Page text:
Bush Stadium was the backdrop for plenty of baseball history during its long and storied tenure as home to the Indianapolis Indians. Its post-baseball years have also been unique, as it was converted for another purpose before falling into a state of disrepair and then being revived. As a result, Bush Stadium lives on in several unique ways, including at its site and other locations in Indianapolis.
When it first opened in 1931, Bush Stadium was known as Perry Stadium. It became Victory Field in 1942, retaining that name until it was rededicated in honor of former major leaguer and Indianapolis Indians president Donie Bush in the late 1960’s.
Bush Stadium saw plenty of memorable moments during its history. The Indians achieved several milestones while playing at Bush Stadium, including league championships in 1949, 1956, 1963, 1982, 1986, 1987, 1988, 1989, and 1994. There were also a number of notable players who played for the Indians over that era, including future Hall of Famers Harmon Killebrew and Randy Johnson.
In addition to the Indians, the ballpark was at one point the home of the Indianapolis Clowns of the Negro Leagues. Hank Aaron suited up for the Clowns in 1952, before being sold to the Boston Braves. That same year, the Clowns won the Negro American League championship.
Aside from what happened on the field, Bush Stadium became memorable in several other respects. It featured ivy on its outfield wall, prompting Chicago Cubs president Bill Veeck’s suggestion to P.K. Wrigley that it be added to the outfield wall at Wrigley Field as part of renovations completed in 1937.
Bush Stadium also made an appearance in film. It was used in the production of the 1988 movie Eight Men Out—a dramatization of the 1919 Black Sox scandal—serving as the setting for the baseball scenes.
Bush Stadium’s run as a professional baseball facility came to an end in July 1996, when the Indians moved to the new Victory Field in downtown Indianapolis. With baseball out of the picture, Bush Stadium was converted into a racetrack, becoming known as 16th Street Speedway. The racetrack proved to be short lived, however, as it closed in 1999.
Following the closing of the racetrack, Bush Stadium was mostly abandoned. The ballpark’s condition deteriorated, putting its future in doubt, while the cars stored as part of the federal government’s Cash for Clunkers took over what had been its playing surface.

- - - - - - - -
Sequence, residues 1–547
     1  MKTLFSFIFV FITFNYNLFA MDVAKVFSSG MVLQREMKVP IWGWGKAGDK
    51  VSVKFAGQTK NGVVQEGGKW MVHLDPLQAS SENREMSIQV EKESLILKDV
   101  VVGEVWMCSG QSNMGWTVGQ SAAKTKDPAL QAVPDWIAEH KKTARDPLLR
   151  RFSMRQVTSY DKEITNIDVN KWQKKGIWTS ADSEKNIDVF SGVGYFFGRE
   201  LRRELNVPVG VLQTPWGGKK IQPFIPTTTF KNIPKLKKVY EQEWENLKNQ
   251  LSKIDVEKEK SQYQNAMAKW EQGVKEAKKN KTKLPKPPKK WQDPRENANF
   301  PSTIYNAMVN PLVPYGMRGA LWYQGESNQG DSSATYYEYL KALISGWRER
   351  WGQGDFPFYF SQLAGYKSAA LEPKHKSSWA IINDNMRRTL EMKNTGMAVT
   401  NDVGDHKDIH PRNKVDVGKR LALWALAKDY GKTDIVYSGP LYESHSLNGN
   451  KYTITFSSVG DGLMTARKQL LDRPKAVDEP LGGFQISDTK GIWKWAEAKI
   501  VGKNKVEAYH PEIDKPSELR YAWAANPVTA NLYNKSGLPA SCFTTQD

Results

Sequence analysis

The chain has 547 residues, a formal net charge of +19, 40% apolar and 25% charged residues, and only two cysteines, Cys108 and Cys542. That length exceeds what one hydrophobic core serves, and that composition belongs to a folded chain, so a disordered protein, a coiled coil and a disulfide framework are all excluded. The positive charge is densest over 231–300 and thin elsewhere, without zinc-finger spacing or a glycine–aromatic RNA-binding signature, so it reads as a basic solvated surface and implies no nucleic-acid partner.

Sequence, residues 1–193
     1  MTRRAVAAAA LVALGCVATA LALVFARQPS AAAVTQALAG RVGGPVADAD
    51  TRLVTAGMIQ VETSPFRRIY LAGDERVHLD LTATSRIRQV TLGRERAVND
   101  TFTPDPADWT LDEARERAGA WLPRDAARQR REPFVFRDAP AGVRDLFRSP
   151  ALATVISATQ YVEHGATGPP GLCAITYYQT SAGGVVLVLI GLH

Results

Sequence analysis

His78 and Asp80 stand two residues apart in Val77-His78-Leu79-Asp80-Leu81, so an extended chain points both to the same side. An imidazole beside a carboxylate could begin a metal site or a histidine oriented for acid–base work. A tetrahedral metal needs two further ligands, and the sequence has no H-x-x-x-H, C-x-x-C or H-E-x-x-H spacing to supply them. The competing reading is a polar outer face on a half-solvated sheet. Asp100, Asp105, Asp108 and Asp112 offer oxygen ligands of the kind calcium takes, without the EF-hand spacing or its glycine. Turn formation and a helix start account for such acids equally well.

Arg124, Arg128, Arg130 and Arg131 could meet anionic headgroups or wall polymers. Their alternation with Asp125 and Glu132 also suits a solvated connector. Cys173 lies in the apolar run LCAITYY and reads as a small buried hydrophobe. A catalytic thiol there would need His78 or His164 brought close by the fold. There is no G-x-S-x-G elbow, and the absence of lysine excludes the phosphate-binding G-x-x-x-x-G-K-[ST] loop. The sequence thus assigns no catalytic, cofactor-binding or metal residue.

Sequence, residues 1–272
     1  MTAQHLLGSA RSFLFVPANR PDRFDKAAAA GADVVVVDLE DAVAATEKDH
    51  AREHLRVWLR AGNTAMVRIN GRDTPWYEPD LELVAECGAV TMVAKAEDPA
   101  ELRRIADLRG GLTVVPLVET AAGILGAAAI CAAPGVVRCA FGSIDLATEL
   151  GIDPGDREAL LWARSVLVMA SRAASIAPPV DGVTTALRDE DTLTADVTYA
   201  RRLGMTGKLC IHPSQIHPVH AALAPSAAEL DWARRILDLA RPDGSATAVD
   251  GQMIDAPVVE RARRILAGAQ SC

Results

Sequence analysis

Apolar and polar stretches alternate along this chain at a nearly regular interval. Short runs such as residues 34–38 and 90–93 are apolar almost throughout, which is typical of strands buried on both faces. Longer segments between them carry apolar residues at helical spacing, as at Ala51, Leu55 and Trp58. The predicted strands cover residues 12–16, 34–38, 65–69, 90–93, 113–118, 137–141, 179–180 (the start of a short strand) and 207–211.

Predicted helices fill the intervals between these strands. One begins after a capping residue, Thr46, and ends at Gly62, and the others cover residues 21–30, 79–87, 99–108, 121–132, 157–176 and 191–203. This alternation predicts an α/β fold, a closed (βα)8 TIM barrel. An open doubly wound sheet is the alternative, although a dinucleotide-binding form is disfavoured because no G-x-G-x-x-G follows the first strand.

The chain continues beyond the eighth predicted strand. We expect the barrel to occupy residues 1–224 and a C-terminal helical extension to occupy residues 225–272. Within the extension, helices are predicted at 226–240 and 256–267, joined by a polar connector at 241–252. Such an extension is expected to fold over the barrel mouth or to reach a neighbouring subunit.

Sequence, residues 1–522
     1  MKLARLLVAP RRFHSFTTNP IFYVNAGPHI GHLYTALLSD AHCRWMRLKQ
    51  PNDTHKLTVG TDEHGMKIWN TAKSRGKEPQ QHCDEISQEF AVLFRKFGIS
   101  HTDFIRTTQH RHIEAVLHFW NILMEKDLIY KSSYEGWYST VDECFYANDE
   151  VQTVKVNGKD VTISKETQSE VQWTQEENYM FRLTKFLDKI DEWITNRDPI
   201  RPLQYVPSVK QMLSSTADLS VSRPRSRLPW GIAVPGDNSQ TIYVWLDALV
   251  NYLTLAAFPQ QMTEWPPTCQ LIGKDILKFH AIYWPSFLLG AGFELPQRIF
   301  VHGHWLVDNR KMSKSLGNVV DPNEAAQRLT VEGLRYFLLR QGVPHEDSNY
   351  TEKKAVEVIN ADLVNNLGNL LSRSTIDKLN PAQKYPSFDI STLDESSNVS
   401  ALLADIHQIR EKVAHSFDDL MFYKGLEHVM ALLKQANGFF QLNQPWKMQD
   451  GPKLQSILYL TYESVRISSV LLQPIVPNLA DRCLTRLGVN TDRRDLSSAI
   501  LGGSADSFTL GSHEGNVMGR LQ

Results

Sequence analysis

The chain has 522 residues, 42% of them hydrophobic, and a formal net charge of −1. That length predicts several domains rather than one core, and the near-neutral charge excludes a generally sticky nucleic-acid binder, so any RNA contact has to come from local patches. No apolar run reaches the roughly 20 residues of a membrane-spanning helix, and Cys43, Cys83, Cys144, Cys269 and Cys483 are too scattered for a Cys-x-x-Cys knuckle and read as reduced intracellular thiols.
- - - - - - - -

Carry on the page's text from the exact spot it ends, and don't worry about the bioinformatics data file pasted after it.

Fortunately for baseball fans and preservations alike, an effort to repurpose Bush Stadium eventually surfaced. In 2013, Core Redevelopment completed a project that converted the property into an apartment building known as Stadium Lofts. While this required the demolition of the seating bowl, many of Bush Stadium’s most striking features were left intact. The same stone art deco entrance that greeted fans for decades now serves as the façade of the apartment building, while a few light towers, the scoreboard and a portion of the outfield wall have been preserved.
Stadium Lofts even includes a commemoration of the playing field. Stamped concrete mimics the look of infield dirt and is surrounded by grass to give it the appearance of Bush Stadium’s playing surface.
Preserving the ballpark itself was a major feat, but the legacy of Bush Stadium does not stop there. The organization People for Urban Progress (PUP) salvaged 11,000 seats from the ballpark, with many of them installed at bus stops and other locations. Seats can also be found outside the entrance of Stadium Lofts. PUP has salvaged materials from other Indianapolis facilities, including the RCA Dome, the former home of the NFL’s Colts that was demolished in 2008.
Bush Stadium was an iconic Minor League Baseball ballpark, not only serving as home of one of the sport’s signature franchises but also being the site of plenty of memorable moments. The structure’s days as a baseball facility are over, but preservation efforts have allowed its legacy to live on, leaving signs of Bush Stadium around Indianapolis for years to come.
Images of Stadium Lofts courtesy Core Redevelopment.
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